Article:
Imagine the hassle when a particular user has to login multiple times a day and remember different login & passwords throughout a ton of services and applications. It’s rather troublesome and annoying especially if the website/application require you to reset your password from time to time.
Users can securely authenticate with multiple applications and websites by logging in once with just one set of credentials (e.g. Active Directory). Okta supports a wide variety of SAML applications with GlobalProtect being one of them. SaaS applications such as Office 365 and many more are supported. It vastly improves the user experience, but SAML still needs to be paired with MFA for additional layers of authentication because it’s not an end-all solution that solves all security concerns.
SAML is based on the XML Protocol that uses security tokens containing assertions. When the user tries to access an application or to be specific a service provider, it’ll forward the request to an Identity Provider (Okta for example) and back to the application (service provider).
Let’s Encrypt vs self-signed certificate
While it’s very easy to generate a self-signed certificate, there are plenty of reasons to issue a valid certificate to GlobalProtect. First of all, it gets rid of annoying certificate warnings and second the compatibility on mobile devices is better due to the difficulty of installing self-signed certificates. A valid certificate is so much more practical than asking your employees to trust or install certificates. Forcing your employees to trust a certificate is bad practice and asking them to install one isn’t always an option.
- Apache2 Webserver with Certbot Installed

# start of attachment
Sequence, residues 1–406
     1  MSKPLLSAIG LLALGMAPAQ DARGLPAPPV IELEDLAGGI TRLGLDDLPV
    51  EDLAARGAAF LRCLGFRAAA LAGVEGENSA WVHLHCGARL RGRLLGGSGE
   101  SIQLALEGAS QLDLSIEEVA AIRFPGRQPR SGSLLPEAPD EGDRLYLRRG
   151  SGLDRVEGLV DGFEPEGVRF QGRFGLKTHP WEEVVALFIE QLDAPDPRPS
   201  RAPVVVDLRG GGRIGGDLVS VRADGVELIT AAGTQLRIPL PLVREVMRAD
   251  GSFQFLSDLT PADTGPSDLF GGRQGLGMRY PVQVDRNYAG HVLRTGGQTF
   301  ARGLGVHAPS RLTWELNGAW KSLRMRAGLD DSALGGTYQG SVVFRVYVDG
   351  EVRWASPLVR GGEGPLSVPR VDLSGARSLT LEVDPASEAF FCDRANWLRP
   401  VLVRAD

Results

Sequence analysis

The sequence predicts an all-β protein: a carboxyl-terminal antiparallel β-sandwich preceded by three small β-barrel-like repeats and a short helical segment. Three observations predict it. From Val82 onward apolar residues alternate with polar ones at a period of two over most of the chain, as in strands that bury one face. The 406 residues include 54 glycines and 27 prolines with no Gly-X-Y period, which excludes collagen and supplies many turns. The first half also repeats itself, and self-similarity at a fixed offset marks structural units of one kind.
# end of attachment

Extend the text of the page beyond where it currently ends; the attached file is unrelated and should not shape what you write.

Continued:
- Webserver publicly reachable
- A registered public domain name
- GlobalProtect Portal/Gateway configured
- User-ID configured on the firewall with Active Directory Integration
- Okta’s Active Directory Agent installed
- 30 day trial over at okta.com
Requesting Let’s Encrypt Wildcard Certificate
We’ll request wildcard certificates for the actual domain name and subdomains which will make HTTPS deployments much easier. The benefit to wildcard certificates is that you do not have to manually request a certificate for every subdomain you create. Since there’s nothing similar to Certbot on the Palo Alto Firewall – requesting let’s encrypt certificates is impossible unless it’s a wildcard certificate. Or from a premium SSL Vendor like DigiCert that supports web enrollments of SSL certificates.
$ sudo certbot certonly –manual -d *.faatech.be -d faatech.be –agree-tos –no-bootstrap –manual-public-ip-logging-ok –preferred-challenges dns-01 –server https://acme-v02.api.letsencrypt.org/directory
Certbot will require to deploy a TXT record with the given values. So head over to your domain registrar and add a DNS Record like so:
email@example.com TXT “Code-Certbot-Gave”
It might ask you to add another TXT record. I recommend setting the TTL to 5 min when adding a new record, so you don’t have to wait a day to verify it.
Importing Public and Private Key to the firewall
The Palo Alto Firewall requires a passphrase when importing a private key. By default Let’s Encrypt certificates do not ship with passphrases, so we’ll have to add one.